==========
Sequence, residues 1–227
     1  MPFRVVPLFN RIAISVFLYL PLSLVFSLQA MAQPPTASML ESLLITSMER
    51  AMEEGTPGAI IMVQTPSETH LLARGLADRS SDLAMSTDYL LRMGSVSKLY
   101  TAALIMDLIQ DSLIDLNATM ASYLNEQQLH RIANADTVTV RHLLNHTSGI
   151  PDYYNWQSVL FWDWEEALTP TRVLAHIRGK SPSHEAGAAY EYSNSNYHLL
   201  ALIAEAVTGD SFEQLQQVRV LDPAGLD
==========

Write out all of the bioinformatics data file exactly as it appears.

Sequence, residues 1–227
     1  MPFRVVPLFN RIAISVFLYL PLSLVFSLQA MAQPPTASML ESLLITSMER
    51  AMEEGTPGAI IMVQTPSETH LLARGLADRS SDLAMSTDYL LRMGSVSKLY
   101  TAALIMDLIQ DSLIDLNATM ASYLNEQQLH RIANADTVTV RHLLNHTSGI
   151  PDYYNWQSVL FWDWEEALTP TRVLAHIRGK SPSHEAGAAY EYSNSNYHLL
   201  ALIAEAVTGD SFEQLQQVRV LDPAGLD